Towards Global Reinforcement Learning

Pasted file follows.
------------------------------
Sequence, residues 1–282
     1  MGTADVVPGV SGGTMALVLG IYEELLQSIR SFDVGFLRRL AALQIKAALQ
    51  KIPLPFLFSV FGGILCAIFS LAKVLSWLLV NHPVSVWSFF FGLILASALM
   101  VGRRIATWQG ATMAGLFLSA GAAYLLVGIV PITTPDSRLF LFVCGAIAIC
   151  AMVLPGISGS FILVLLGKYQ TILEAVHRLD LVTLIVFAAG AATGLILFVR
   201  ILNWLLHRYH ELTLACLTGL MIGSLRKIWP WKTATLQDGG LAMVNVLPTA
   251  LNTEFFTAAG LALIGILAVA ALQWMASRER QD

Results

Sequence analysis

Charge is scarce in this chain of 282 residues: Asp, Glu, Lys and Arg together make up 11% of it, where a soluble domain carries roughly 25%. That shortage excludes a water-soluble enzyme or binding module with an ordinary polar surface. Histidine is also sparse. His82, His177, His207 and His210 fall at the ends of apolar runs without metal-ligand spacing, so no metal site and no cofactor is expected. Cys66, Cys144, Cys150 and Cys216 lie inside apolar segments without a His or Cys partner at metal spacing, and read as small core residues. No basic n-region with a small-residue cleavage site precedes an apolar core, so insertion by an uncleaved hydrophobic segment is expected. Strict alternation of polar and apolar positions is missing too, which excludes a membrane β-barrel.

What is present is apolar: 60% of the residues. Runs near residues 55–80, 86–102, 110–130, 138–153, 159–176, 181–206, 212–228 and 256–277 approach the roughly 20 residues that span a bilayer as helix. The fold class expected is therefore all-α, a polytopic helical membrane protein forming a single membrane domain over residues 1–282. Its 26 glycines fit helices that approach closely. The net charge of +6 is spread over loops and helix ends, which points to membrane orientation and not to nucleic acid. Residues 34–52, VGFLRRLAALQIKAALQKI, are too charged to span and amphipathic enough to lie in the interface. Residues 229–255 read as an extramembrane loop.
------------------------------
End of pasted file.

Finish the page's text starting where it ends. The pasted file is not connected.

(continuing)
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Sequential decision making under uncertainty is a ubiquitous problem. In everyday situations we are faced with a series of decisions that aim to maximize the probability of achieving some goal. However, decision outcomes are often uncertain and it is not always immediately evident how to determine if one decision is better than another. The Reinforcement Learning framework overcomes this difficulty by learning to make optimal decisions based on interactions with the environment. One drawback of Reinforcement Learning is that it requires too much data (interactions) to learn from scratch. For this reason, current approaches attempt to incorporate prior information in order to simplify the learning process. However, this is usually accomplished by making problem-specific assumptions, which limit generalizability of the approaches to other problems. This thesis presents the first steps towards a new framework that incorporates and exploits broad prior knowledge in a principled way. It uses Constraint Satisfaction and Bayesian techniques to construct and update a belief over the environment, as well as over good decisions. This allows for incorporating broad types of prior knowledge without limiting generalizability. Preliminary experiments show that the framework's algorithms work well on toy problems in simulation and encourage further research on real-world problems.